Kingston is now teaching in the English department at the University of California, Berkeley, and writing a book that is tentatively titled ??The Fifth Book of Peace, ?? in which she writes about her father??s death and the loss of an earlier draft for the book in the 1991 Oakland fire. She links this fire thematically to the Vietnam War, writing about the war as it is represented by the protagonist of Tripmaster Monkey and about her warrior woman??s heroic homecoming.

Kingston??s works have enchanted and inspired many readers while enraging some others. No matter how her works are received, Kingston succeeds in her ??revenge?? by reporting the crimes of sexism and racism. Despite her diminutive physical stature, she deserves the title of a word warrior in every sense. Kingston??s literary innovations are also significant contributions to American literature. As Kingston herself says, ??I am creating part of American literature?K.?? Contemporary American literature has been enriched by the addition of the powerful words of Maxine Hong Kingston.


Timothy Pfaff, ??Talk With Mrs,. Kingston, ?? New York Times Book Review, 19 June

1980, pp. 1, 25-27;

Arturo Islas, ??Maxine Hong Kingston, ?? in Women Writers of the West Coast: Speaking

Their Lives and Careers, edited by Marilyn Yalom (Santa Barbara: Capra Press,

1983), pp. 11-19;

Phyllis Hodge Thompson, ??This Is the Story I Heard: A Conversation with Maxine Hong

Kingston, ?? Biography, 6 (Winter 1993): 1-2;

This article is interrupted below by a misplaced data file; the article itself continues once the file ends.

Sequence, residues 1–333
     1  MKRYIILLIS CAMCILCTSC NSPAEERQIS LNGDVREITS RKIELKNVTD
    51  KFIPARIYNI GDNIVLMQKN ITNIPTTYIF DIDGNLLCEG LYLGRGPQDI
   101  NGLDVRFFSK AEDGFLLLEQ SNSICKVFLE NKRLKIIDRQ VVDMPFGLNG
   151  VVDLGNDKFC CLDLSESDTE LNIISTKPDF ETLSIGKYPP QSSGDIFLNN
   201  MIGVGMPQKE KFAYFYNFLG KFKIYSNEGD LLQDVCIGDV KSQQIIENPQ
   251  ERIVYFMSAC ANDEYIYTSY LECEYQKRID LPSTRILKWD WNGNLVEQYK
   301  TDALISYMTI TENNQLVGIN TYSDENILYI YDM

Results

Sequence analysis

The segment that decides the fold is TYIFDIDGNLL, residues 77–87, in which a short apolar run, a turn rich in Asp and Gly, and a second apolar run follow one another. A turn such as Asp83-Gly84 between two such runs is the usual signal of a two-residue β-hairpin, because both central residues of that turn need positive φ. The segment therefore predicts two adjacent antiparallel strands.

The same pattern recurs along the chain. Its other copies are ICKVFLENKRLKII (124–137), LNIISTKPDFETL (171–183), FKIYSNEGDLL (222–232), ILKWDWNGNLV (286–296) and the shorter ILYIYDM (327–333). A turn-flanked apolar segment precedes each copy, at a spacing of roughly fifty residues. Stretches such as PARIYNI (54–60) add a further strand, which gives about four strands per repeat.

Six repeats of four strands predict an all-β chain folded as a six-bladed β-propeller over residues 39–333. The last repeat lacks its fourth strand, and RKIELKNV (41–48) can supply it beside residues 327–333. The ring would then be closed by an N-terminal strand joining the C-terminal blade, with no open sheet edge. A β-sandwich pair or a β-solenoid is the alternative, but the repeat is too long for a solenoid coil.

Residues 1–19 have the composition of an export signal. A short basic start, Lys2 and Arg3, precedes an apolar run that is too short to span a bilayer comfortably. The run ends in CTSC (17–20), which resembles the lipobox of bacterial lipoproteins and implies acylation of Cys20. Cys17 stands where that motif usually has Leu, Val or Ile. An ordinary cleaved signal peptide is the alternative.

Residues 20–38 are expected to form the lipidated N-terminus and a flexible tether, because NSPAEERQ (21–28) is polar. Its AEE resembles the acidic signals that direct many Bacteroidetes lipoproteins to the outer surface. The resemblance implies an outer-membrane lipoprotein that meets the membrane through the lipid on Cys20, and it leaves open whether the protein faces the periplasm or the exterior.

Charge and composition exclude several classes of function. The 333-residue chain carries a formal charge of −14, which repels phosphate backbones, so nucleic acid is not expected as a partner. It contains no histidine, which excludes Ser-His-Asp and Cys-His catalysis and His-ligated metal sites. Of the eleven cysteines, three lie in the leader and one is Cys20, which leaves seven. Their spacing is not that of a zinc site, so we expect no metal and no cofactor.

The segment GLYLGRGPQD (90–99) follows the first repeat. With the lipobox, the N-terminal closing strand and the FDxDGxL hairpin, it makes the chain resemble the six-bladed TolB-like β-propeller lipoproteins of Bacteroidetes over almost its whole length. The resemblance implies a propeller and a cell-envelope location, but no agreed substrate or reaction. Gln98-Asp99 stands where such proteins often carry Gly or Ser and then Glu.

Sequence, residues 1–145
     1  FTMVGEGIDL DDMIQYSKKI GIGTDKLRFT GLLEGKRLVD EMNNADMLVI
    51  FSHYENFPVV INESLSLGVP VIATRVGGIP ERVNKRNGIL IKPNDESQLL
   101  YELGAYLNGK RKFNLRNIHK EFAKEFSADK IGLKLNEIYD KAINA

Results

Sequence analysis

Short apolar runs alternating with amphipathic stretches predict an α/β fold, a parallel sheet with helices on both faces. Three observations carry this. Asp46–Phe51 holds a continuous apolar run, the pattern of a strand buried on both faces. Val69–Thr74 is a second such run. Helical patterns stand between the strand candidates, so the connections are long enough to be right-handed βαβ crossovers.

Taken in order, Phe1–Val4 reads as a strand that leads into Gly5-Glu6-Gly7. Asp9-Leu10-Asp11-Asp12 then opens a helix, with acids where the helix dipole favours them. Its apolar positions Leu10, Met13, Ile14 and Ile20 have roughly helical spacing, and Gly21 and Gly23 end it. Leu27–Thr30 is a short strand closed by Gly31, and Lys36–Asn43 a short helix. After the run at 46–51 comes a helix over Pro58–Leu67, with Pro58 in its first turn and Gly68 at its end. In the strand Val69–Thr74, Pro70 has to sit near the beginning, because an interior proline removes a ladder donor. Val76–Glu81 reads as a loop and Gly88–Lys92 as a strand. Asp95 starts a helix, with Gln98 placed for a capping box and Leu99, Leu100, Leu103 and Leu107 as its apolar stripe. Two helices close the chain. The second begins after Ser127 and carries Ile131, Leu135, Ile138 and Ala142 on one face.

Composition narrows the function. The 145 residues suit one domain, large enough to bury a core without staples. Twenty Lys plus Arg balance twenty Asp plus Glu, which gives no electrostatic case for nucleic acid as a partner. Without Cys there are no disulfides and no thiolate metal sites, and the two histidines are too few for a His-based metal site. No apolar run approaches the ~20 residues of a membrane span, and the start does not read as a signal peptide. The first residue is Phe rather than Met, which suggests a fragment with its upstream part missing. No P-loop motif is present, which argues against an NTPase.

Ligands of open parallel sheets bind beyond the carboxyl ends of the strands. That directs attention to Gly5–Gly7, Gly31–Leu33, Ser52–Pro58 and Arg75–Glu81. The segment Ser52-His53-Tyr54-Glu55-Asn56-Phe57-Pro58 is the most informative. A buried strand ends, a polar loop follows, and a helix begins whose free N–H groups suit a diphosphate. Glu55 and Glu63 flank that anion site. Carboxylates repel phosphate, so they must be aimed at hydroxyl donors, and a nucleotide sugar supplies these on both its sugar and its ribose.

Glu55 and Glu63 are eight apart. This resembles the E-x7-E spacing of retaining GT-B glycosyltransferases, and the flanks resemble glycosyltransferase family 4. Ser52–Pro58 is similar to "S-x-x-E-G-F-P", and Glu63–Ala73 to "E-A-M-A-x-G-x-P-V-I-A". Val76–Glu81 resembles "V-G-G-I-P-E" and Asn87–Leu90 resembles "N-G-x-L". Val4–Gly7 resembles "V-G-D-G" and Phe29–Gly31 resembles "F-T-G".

Paula Rabinowitz, ??Eccentric Memories: A Conversation with Maxine Hong

Kingston, ??Michigan Quarterly Review, 26 (Winter 1987): 177-187; Marilyn Chin,

??A MELUS Interview: Maxine Hong Kingston, ?? MELUS, 16 (Winter 1980-1990):


Maxine Hong Kingston: Talking Story [audio tape] (NAATA, 1990);

Shelly Fisher Fishkin, ??Interview with Maxine Hong Kingston, ?? American Literary

History, 3 (Winter 1991): 782-791


King-kok Cheung, Articulated Silences: Narrative Strategies of Three Asian American

Women Writers (Ithaca, N.Y.: Cornell University Press, 1990);

Cheung, ??Don??t Tell??: Imposed Silences in The Color Purple and The Woman Warrior, ??

PMLA, 103 (March 1988): 162-174;

Cheung, ??Talk Story: Counter-Memory in Maxine Hong Kingston??s China Men, ??

Tamkang Review, 24 (Autumn 1993): 21-37;

Cheung, ??The Woman Warrior versus The Chinaman Pacific: Must a Chinese American

Critic Choose between Feminism and Heroism?, ?? in Conflict in Feminism, edited

by Marianne Hirsch and Evelyn Fox Keller (New York: Routledge, 1990), pp.60-81;

Thomas J. Ferraro, ??Changing the Rituals: Courageous Daughtering and the Mystique of

The Woman Warrior, ?? in Ethnic Passages: Literary Immigrants in Twentieth-

Century America (Chicago: University of Chicago Press, 1993), pp.154-190;

Linda Hunt, ??I Could Not Figure Out What Was My Village??: Gender vs. Ethnicity in

Maxine Hong Kingston??s The Woman Warrior, MELUS, 12 (Fall 1985): 5-12;

Suzanne Juhasz, ??Maxine Hong Kingston: Narrative Technique and Female Identity, ??